8:1 Now this is the main point of the things we are saying: We have such a High Priest, who is seated at the right hand of the throne of the Majesty in the heavens,
2 a Minister of the sanctuary and of the true tabernacle which the Lord erected, and not man. (Heb 8:1-2 NKJ)
The incarnation of Christ fundamentally changed the nature of godly worship. Before Christ came, God’s worship was taken up with types and shadows. These were elements and ceremonies of worship that pointed to Christ in an indirect way. In the sacrificial death of animals for sin, the worshiper was shown what the weight of his sin was; the attentive worshiper realized that what was done to the animal was what deserved to be done to him for his sin. The blood of animals could not remove sin in any real way, and every believing Jew knew that. But God is a benevolent God, and when He shows us our need for something, implied in that is always a promise that He will provide that need. So they knew that even though all of the specifics of remission of sins were not completely clear, yet the Old Testament ritual plainly demonstrated their need for salvation and a promise that One would come, the Anointed One, who would be a real sacrifice for sin and not just a symbol.
Jesus was the incarnation, the fleshly embodiment, of not just the second person of the Trinity, but of all God’s promises to His people. He was the physical expression of God’s love. Before Christ came, God’s holiness and grace was expressed in many physical representations. Israel had a holy mountain and holy days and a holy temple and holy tribes and even holy pans, utensils, clothes, candlesticks and the like. But God sent something superior to all of that, a holy Man. We are joined to that holy Man by faith, by believing in Him, and then we become His holy People.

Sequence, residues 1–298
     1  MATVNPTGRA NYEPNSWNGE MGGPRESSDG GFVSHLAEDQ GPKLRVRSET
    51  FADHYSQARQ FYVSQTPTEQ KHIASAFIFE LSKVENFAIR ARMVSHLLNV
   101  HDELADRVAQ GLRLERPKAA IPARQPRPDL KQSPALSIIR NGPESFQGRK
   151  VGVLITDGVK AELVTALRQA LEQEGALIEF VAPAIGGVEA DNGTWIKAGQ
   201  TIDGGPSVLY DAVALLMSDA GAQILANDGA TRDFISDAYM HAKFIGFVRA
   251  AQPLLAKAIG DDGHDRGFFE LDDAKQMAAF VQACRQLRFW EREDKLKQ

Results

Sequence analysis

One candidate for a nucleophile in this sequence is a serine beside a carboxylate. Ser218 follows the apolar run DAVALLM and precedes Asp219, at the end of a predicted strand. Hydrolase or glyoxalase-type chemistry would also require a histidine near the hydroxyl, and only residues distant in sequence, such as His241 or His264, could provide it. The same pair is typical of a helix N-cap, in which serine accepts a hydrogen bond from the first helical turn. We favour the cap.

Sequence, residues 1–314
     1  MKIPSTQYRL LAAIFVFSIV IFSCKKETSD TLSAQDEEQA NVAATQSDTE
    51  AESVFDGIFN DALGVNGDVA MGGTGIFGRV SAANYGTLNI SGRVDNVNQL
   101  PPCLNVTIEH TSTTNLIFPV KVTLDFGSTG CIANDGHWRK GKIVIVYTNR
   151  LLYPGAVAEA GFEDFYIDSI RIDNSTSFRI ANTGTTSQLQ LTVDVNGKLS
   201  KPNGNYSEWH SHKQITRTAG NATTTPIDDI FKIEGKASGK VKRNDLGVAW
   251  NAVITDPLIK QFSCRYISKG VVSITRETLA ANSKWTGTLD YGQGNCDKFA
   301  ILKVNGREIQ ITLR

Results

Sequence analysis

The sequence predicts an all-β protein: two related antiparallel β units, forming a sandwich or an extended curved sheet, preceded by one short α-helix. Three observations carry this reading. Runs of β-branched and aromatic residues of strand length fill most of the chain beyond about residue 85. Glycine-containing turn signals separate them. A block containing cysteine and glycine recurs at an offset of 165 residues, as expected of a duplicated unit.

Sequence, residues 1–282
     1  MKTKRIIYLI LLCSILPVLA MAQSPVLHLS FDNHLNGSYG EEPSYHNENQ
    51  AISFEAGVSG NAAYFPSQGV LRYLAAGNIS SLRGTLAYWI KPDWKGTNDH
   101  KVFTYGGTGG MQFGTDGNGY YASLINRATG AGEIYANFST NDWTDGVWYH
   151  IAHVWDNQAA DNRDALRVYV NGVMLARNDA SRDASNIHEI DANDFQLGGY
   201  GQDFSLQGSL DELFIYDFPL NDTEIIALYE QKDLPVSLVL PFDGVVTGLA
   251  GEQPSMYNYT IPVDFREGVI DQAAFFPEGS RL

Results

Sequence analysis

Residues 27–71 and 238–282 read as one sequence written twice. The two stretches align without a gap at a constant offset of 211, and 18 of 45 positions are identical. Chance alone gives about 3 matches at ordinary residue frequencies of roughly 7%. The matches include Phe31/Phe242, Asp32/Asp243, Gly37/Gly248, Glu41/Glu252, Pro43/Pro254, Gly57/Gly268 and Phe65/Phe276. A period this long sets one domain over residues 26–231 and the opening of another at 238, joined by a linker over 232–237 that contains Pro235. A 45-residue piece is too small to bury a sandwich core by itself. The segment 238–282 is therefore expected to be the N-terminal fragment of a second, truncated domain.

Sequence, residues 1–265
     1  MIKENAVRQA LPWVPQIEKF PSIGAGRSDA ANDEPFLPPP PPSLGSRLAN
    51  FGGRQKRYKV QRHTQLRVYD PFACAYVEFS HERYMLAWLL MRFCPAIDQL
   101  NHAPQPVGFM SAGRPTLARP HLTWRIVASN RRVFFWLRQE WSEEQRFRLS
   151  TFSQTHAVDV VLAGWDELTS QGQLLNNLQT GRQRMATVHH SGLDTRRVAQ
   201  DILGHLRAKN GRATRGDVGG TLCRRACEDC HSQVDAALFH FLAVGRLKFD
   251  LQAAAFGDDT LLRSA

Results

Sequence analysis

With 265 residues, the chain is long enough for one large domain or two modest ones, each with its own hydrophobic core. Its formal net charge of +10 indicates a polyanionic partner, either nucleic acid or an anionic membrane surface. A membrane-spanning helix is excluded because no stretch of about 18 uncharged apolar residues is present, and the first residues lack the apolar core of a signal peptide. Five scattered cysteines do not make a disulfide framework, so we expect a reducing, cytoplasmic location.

There is therefore no need for elaborate ritual and ceremony. There is no need for symbolic holy things. We do not need complex types and shadows to indirectly point us to the reality; we can look right at the reality. This is what Jesus was telling us when He said that the hour is coming when we will worship God in spirit and truth; it won’t matter whether we’re on one mountain or another, in the right holy place or the wrong one. Illuminated by the Spirit of God we can meditate directly on the promise of Christ and the truth of what He has accomplished for us.
Though we have Christ presented plainly to us, yet we have not yet entered into eternity; the consummation of the age to come is still to be anticipated. We have yet the sacraments of Baptism and the Lord’s Supper that teach us the reality of being freed from the filth of sin and nourishment by the death of Christ. But the much greater simplicity and spirituality of New Testament worship is a testimony to us of just how much closer we are to the full experience of our salvation than God’s people ever have been.
Sometimes people long for a more ceremonial worship. People sometimes hunger for the more symbolic and mystical worship that the Jews experienced under Moses. But this is to go backward, to leave the university to go back to kindergarten, to trade in mature learning for childish fingerpainting and colored blocks. Instead we have the privilege of seeing more clearly than ever before the fullness of God’s salvation. We now can understand and perceive the true tabernacle which Christ erected in the heavens, and not the copy that Moses made in the wilderness. God’s people should appreciate this greater richness, and joyfully worship Him in spirit and truth.